A Third Gender: Beautiful Youths in Japanese Prints at Japan Society Gallery, March 10 – June 11, 2017

“In many societies, gender has been defined as a binary correlating to the male and female biological sexes. However, this has not been the case in all times and places. In Japan during the Edo period (1603-1868), it appears that other factors, such as age and appearance, shaped how society constructed gender.

Fundamental to this structure were wakashu—male adolescents, considered neither men nor women, who appear to have formed a distinct “third gender” category in early modern Japanese society. Wakashu were prevalent subjects of Edo-period art, suggesting their importance within the cultural fabric of the era.

A Third Gender: Beautiful Youths in Japanese Prints is the first exhibition in North America to illuminate the construction of gender in Edo-period Japan by focusing on depictions of wakashu. The exhibition opens by situating wakashu within the artistic and social landscapes of the era. The second section considers wakashu as both objects and agents of erotic desire. Attention is then shifted to “the wakashu” as a complex, coded motif in art and literature, before segueing to related forms of gender performance, particularly among the demimondes of Kabuki actors and sex workers.

In offering a historical context for understanding variant modes of gender and sexuality, A Third Gender reveals how aspects of Edo culture, though seemingly distant, can serve as  critical touchstones for artistic, social, and political discourses of today.” — Introductory Wall Text

Suzuki Harunobu (1725–1770), Youth on a Long-Tailed Turtle as Urashima Tarō, 1767. Color woodblock print. Royal Ontario Museum, 926.18.110, Sir Edmund Walker Collection. Courtesy of the Royal Ontario Museum, ©ROM

Suzuki Harunobu (1725–1770), A Young Samurai Viewing Cherry Blossoms, 1767–1769. Color woodblock print. Royal Ontario Museum, 926.18.109, Sir Edmund Walker Collection. Courtesy of the Royal Ontario Museum, ©ROM

Hosoda Eisui (active 1790–1823), Wakashu with a Shoulder Drum, late 18th-early 19th century. Color woodblock print. Royal Ontario Museum, 926.18.701, Sir Edmund Walker Collection. Courtesy of the Royal Ontario Museum, ©ROM

Kitagawa Utamaro (1753–1806), From the Series Twelve Forms of Women’s Handiwork, late 1790s. Color woodblock print. Royal Ontario Museum, 926.18.407, Sir Edmund Walker Collection. Courtesy of the Royal Ontario Museum, ©ROM

Bunrō (active 1801–1804), Wakashu and Young Woman with Hawks, ca. 1803. Color woodblock print. Royal Ontario Museum, 2013.85.3. Courtesy of the Royal Ontario Museum, ©ROM

Kaian (Megata Morimichi) (1813–1880), Dancing in a Kabuki Performance, 19th century. Color on silk. Royal Ontario Museum, 938.14.1432. Courtesy of the Royal Ontario Museum, ©ROM

Suzuki Harunobu (1725–1770), Geese Descending on the Koto Bridges from Eight Fashionable Parlour Views, 1768–1770. Color woodblock print. Royal Ontario Museum, 926.18.114, Sir Edmund Walker Collection. Courtesy of the Royal Ontario Museum, ©ROM

Suzuki Harunobu (1725–1770), Two Lovers Playing a Single Shamisen, 1766-1769. Color woodblock print. Royal Ontario Museum, 926.18.120, Sir Edmund Walker Collection. Courtesy of the Royal Ontario Museum, ©ROM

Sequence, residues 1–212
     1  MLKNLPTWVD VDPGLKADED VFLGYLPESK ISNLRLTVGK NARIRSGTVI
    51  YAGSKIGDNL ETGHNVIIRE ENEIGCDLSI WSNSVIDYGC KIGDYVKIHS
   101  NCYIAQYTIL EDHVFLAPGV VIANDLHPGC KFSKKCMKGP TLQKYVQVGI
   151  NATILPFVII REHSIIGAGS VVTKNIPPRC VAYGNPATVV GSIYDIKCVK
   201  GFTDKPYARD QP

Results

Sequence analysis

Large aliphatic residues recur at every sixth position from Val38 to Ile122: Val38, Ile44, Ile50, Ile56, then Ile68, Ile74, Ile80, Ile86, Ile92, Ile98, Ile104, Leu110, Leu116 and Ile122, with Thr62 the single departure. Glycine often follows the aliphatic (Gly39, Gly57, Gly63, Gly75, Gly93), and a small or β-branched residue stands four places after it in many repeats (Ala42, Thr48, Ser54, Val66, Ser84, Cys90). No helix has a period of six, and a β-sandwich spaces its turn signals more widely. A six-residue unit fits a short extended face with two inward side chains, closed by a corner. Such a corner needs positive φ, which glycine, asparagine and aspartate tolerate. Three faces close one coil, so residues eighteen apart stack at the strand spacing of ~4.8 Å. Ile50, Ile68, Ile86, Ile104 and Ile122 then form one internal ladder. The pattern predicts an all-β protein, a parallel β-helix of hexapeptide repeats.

Isoda Koryūsai (1735–1790), Samurai Wakashu and Maid, 18th century. Color woodblock print. Royal Ontario Museum, 973×85.123. Courtesy of the Royal Ontario Museum, ©ROM

Kitagawa Utamaro (1753–1806), The Young Man’s Dream from the series Profitable Visions in Daydreams of Glory, ca. 1801–1802. Color woodblock print. Royal Ontario Museum, 926.18.546, Sir Edmund Walker Collection. Courtesy of the Royal Ontario Museum, ©ROM

Kitagawa Utamaro (1753–1806), Party in Front of Mount Fuji, ca. 1790. Color woodblock print. Royal Ontario Museum, 926.18.242, Sir Edmund Walker Collection. Courtesy of the Royal Ontario Museum, ©ROM

Suzuki Harunobu (1725–1770), Two Couples in a Brothel, 1769–1770. Color woodblock print. Royal Ontario Museum, 926.18.121, Sir Edmund Walker Collection. Courtesy of the Royal Ontario Museum, ©ROM

Attributed to Utamaro School, Woman and Wakashu, ca. 1790s. Color woodblock print. Royal Ontario Museum, 926.18.550, Sir Edmund Walker Collection. Courtesy of the Royal Ontario Museum, ©ROM

Ippitsusai Bunchō (active around 1755–1790), Segawa Kikunojō II Playing a Flute and Ichikawa Komazō II Holding a Lantern, 1770. Color woodblock print. Royal Ontario Museum, 926.18.240, Sir Edmund Walker Collection. Courtesy of the Royal Ontario Museum, ©ROM

Unidentified Artist, Portrait of Tomoe Gozen (?), ca. 1830–1835. Color woodblock print. Royal Ontario Museum, 2009.124.76, James King Collection. Courtesy of the Royal Ontario Museum, ©ROM

Unidentified Artist, Pages from an unidentified Utagawa-School Erotic Book, ca. 1850s. Two half-sheets glued together, from a printed book with color illustrations. Private Collection. Courtesy of the Royal Ontario Museum, ©ROM

Unidentified Artist, Merry-Making in the Mansion (Teinai yūraku zu), attributed to Kan’ei era (1624–1644). Six-fold screen, gold and pigment on paper. Royal Ontario Museum, 989.24.46. Courtesy of the Royal Ontario Museum, ©ROM

A Third Gender: Beautiful Youths in Japanese Prints was curated by Dr. Asato Ikeda. At the Royal Ontario Museum (ROM), as the first Bishop White Postdoctoral Fellow of Japanese Art, she organized the exhibition.

Originally organized and exhibited last year at ROM in Toronto, A Third Gender has been reformulated for its New York presentation to include artworks not shown in the ROM installation as well as a modified exhibition narrative that emphasizes the diversity of gender performance in the Edo period and the significance of non-gender-binary figures in the layered artistic meanings of each work.

Images courtesy Japan Society.